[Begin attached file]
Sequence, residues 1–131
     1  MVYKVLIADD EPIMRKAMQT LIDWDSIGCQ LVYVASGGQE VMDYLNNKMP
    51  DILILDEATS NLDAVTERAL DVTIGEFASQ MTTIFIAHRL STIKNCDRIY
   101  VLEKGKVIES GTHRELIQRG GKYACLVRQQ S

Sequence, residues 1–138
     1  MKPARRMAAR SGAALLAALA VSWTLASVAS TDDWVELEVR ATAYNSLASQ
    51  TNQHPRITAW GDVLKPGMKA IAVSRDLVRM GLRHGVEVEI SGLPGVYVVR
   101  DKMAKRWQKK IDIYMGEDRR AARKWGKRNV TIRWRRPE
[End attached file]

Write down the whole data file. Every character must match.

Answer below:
Sequence, residues 1–131
     1  MVYKVLIADD EPIMRKAMQT LIDWDSIGCQ LVYVASGGQE VMDYLNNKMP
    51  DILILDEATS NLDAVTERAL DVTIGEFASQ MTTIFIAHRL STIKNCDRIY
   101  VLEKGKVIES GTHRELIQRG GKYACLVRQQ S

Sequence, residues 1–138
     1  MKPARRMAAR SGAALLAALA VSWTLASVAS TDDWVELEVR ATAYNSLASQ
    51  TNQHPRITAW GDVLKPGMKA IAVSRDLVRM GLRHGVEVEI SGLPGVYVVR
   101  DKMAKRWQKK IDIYMGEDRR AARKWGKRNV TIRWRRPE